She forcefully tucks away her maroon hijab under her chin, hurriedly extends her loose blouse over her denim skirt and wipes away any fleeing sweat with the spare flap of her hijab. Protesting under the wintery heat of the desert, Nawal takes a two-minute hiatus amidst a flurry of chaos, sand storms and chants.
Nawal and other students at Sharg Al-Neil College were protesting the killing of four Darfuri college protesters at Gezira University. University students across Sudan are among the masses fed up with the overt discrimination of minorities in Darfur, journalists and activists, citizens facing higher food prices, scarce employment opportunities, paralyzing inflation and repressive ethnic discrimination.
In a country where female students are prohibited from wearing pants -- seen as an affront to traditional Muslim modesty -- in some of the most prestigious universities and colleges, female activists are integral to the advancement of the cause. Rarely, if ever, does one find a protest occurring without the heavy presence of female students.
"These men wouldn't know what to do without us," Nawal explains. Asked if fear is ever a factor, she chuckled. "Afraid of what?" she replied smugly. "Many are intimidated by the strength of women in this country. If a woman risks more for protesting, I dare them to save their manhood by marching for justice!"
Nawal went further to remind me that female students started the #SudanRevolts movement. Rightly so, because on June 16th female students at the University of Khartoum sparked a series of protests across the country against the regime's human rights violations, inflation and increase in food prices. The June protests numbered in the thousands and led to the closing of the university for over a month.
The female Sudanese activist, like her counterparts in Bahrain, Tunis and Egypt, does not shy away from defying patriarchy in the face of political discrimination. In Egypt, a small group of friends led by Asmaa Mahfouz is credited for being the vanguard of the Arab Spring by uploading a simple video on Facebook urging the youth to take action. Mahfouz is credited with co-founding the April 6 Youth Movement and igniting the Egyptian protests by stating, "If you think yourself a man, come with me on 25 January."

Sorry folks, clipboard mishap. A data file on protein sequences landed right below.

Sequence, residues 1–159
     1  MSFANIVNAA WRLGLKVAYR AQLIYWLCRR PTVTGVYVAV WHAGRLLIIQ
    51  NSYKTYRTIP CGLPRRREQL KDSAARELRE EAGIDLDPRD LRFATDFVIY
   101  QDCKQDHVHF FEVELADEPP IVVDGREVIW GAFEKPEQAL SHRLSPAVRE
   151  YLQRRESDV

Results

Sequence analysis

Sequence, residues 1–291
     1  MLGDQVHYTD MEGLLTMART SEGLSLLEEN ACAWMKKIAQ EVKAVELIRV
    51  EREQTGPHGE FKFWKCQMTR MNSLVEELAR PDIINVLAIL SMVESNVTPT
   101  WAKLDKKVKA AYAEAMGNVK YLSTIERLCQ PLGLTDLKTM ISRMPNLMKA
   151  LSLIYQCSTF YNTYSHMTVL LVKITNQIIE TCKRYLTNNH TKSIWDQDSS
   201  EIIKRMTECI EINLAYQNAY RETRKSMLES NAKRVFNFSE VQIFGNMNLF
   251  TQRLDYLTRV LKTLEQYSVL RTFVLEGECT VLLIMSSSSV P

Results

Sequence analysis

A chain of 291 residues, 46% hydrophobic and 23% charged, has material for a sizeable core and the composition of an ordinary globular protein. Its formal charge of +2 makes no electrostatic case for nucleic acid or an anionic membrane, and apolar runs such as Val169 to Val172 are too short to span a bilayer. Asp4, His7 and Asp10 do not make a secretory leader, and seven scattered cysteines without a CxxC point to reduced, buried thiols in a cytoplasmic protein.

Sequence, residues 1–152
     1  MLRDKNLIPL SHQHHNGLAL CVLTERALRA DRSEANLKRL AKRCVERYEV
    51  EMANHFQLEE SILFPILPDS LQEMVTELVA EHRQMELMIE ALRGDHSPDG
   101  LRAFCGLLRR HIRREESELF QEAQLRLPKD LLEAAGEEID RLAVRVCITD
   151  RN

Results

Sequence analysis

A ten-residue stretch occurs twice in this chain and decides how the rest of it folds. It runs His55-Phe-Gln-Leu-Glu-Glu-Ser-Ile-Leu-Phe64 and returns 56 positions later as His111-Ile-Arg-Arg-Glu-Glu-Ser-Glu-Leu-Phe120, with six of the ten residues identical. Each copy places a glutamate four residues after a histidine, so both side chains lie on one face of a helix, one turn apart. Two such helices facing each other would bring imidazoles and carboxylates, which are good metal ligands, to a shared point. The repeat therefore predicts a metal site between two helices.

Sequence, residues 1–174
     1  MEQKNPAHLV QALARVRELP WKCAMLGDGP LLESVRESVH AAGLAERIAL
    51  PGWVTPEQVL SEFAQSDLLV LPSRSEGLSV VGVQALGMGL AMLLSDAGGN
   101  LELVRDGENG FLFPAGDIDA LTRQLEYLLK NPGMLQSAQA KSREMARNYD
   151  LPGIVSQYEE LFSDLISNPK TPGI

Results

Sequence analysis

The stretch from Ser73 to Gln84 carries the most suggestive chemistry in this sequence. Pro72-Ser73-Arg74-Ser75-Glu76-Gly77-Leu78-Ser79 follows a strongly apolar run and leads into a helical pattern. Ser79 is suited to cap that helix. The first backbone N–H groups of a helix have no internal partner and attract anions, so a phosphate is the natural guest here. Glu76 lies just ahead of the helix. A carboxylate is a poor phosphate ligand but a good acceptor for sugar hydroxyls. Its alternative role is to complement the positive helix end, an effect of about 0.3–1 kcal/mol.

Historically, the Muslimah played the role of protagonist in more than one screenplay of political change. Whether in 18th century Nigeria with the rise of Nana Asma'u, or during the 16th and 17th century of Ottoman rule with the Sultanate of Women era, the muslimah was a vessel of change and an exemplary steward of a faith rapidly growing.
One need not veer far off in the scape of human history to find Muslim women transcending the oft male-dominated world of politics. Take Fatima Ibrahim: the first women elected to the Sudanese Parliament in Sudan, and all of Africa, in 1965. As a member of the Sudanese Communist Party, Ibrahim led the first Sudanese Women's Union and wrote extensively throughout her lifetime. Ibrahim is not alone.
Take Megawati Sukarnoputri, President of Malaysia from 2001 to 2004. Tansu Çiller, who served as the 22nd Prime Minister of Turkey. Take Khaleda Zia and Sheikh Hasina of Bangladesh, Mame or Madior Boye of Senegal. And more recently, Nawara Negm and Asmaa Mahfouz of Egypt, Yosra Sabir and Maha Sonosy of Sudan, all of whom have been instrumental in advancing the Arab Spring.
Despite these leaps, stories of women subjected to sexual violence and oppression are everywhere. The recent gang rape of a 23-year-old in New Delhi reminds us all that the road leading to female equality is long and rocky, everywhere. But women of our past have proved that despite all odds, leadership is ours for the taking. We have never been silent. Women are invisible actors with enough agency to spark a revolution, change a regime and lead a nation -- whether in shorts and a t-shirt or a hijab.
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